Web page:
Feeds

MPs lambast Forces' new personnel database

Job-slashing machinery plagued by "human errors"

Choosing a cloud hosting partner with confidence

The UK Ministry of Defence (MoD) has come in for yet more scathing criticism from its parliamentary oversight committee. The committee's report into the MoD annual accounts says that the introduction of a new personnel database system, run on the MoD intranet, has been a fiasco.

The Joint Personnel Administration (JPA) system was intended to bring together the three armed services' separate systems for handling pay, personnel files, postings, promotion and training. It began rolling out in 2006, starting in the Royal Navy and Marines. However the parliamentary defence committee report says that "inadequate financial controls" have led to major problems with under- and over-payments in salaries, with £28.9m in mistaken payments having to be recovered.

“These failings are significant because they impact upon several areas critical to satisfaction with life in the Services," said committee chairman James Arbuthnot.

"It is, in our view, deeply regrettable that such mistakes were allowed to be made by those charged with oversight of the JPA programme. We will continue to monitor the operation of JPA, and hope to find evidence of vastly improved service when we report again next year.”

It won't come as a surprise to Reg readers that JPA was provided by EDS. On the occasion of the JPA agreement between MoD and EDS, Graham Lay - boss of EDS Defence - said: "JPA marks a turning point in the way suppliers and government work together to achieve the maximum benefit from partnering with each other."

Complaints regarding the introduction of JPA have rumbled on for years now. In 2007, asked what lay behind them, MoD spokespeople said that "human errors" committed by admin staff were to blame. The system is intended to deliver annual savings of £100m, principally by removing the need for large numbers of IT and personnel admin staff.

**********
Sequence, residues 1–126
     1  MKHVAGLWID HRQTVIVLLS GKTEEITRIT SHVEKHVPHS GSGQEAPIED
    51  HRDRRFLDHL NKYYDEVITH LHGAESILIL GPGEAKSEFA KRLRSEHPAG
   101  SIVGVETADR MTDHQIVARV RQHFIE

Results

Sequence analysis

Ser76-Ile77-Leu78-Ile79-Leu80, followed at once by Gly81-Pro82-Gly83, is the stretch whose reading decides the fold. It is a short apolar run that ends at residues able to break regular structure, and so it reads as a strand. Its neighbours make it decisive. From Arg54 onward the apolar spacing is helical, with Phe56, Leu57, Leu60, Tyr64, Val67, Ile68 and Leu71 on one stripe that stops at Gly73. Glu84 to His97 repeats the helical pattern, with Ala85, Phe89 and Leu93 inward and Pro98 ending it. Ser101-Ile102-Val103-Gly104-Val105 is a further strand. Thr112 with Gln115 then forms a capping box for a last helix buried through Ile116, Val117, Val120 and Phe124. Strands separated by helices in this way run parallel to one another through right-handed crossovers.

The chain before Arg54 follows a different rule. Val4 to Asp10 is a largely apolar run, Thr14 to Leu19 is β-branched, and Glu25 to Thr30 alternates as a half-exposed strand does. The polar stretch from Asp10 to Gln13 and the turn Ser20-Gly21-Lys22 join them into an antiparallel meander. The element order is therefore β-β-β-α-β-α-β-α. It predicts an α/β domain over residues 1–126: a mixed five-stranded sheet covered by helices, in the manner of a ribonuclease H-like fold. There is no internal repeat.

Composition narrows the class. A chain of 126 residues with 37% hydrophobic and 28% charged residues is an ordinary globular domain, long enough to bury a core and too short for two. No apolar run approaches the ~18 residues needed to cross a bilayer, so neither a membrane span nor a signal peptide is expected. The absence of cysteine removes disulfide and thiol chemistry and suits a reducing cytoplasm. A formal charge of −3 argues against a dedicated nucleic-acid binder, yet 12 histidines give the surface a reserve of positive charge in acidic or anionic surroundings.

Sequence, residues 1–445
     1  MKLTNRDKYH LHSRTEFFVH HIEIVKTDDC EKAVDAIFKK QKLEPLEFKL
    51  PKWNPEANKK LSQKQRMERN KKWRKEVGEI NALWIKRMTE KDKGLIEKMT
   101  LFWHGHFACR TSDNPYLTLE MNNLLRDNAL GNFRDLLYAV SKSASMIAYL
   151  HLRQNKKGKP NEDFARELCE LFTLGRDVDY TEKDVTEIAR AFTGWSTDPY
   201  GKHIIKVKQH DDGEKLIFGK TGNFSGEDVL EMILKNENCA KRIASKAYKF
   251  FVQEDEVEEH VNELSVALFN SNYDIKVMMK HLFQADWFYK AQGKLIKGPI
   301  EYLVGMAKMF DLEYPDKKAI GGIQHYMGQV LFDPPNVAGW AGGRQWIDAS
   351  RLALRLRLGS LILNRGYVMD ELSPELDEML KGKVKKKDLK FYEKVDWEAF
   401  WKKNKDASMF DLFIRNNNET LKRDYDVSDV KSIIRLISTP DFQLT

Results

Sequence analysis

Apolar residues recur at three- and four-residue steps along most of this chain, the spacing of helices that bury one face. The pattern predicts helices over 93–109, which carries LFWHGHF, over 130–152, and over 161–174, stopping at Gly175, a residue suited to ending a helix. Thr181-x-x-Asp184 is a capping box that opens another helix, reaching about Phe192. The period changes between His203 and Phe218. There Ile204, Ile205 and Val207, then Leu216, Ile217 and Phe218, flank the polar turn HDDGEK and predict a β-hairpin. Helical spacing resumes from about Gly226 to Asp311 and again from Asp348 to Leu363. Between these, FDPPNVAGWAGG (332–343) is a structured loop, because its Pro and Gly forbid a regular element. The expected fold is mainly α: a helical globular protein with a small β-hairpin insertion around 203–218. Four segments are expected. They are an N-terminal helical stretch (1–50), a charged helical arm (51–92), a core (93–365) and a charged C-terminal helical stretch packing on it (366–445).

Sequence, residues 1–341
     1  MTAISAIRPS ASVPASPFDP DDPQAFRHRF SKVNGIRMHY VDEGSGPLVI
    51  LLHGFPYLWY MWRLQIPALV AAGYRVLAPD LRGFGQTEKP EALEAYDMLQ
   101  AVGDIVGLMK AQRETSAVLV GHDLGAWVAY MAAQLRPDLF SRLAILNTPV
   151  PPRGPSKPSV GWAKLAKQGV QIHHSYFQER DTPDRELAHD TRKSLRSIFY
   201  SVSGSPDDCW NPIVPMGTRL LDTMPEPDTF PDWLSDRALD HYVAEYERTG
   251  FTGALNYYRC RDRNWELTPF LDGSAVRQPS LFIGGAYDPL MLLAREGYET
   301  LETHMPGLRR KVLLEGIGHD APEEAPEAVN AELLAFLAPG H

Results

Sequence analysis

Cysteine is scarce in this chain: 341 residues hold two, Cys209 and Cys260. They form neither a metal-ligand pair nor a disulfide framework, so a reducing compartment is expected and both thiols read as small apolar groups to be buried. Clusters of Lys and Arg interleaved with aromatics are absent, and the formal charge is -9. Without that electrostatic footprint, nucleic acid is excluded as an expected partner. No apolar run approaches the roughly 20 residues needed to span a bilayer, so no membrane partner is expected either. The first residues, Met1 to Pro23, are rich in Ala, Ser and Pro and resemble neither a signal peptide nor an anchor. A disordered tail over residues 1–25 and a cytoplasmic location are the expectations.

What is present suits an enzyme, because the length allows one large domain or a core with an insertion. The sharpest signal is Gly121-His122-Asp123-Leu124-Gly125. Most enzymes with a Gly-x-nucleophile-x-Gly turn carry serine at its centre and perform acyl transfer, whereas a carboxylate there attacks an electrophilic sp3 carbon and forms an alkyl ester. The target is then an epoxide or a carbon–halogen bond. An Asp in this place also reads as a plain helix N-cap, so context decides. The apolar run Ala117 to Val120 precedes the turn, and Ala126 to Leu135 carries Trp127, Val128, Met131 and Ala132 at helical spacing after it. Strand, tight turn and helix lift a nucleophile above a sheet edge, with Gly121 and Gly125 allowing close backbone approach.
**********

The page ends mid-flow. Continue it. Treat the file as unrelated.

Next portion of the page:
The full report can be read here in pdf. ®

Intelligent flash storage arrays

More from The Register

next story
WHY did Sunday Mirror stoop to slurping selfies for smut sting?
Tabloid splashes, MP resigns - but there's a BIG copyright issue here
Spies, avert eyes! Tim Berners-Lee demands a UK digital bill of rights
Lobbies tetchy MPs 'to end indiscriminate online surveillance'
How the FLAC do I tell MP3s from lossless audio?
Can you hear the difference? Can anyone?
Google hits back at 'Dear Rupert' over search dominance claims
Choc Factory sniffs: 'We're not pirate-lovers - also, you publish The Sun'
EU to accuse Ireland of giving Apple an overly peachy tax deal – report
Probe expected to say single-digit rate was unlawful
Inequality increasing? BOLLOCKS! You heard me: 'Screw the 1%'
There's morality and then there's economics ...
While you queued for an iPhone 6, Apple's Cook sold shares worth $35m
Right before the stock took a 3.8% dive amid bent and broken mobe drama
prev story

Whitepapers

A strategic approach to identity relationship management
ForgeRock commissioned Forrester to evaluate companies’ IAM practices and requirements when it comes to customer-facing scenarios versus employee-facing ones.
Storage capacity and performance optimization at Mizuno USA
Mizuno USA turn to Tegile storage technology to solve both their SAN and backup issues.
High Performance for All
While HPC is not new, it has traditionally been seen as a specialist area – is it now geared up to meet more mainstream requirements?
Beginner's guide to SSL certificates
De-mystify the technology involved and give you the information you need to make the best decision when considering your online security options.
Security for virtualized datacentres
Legacy security solutions are inefficient due to the architectural differences between physical and virtual environments.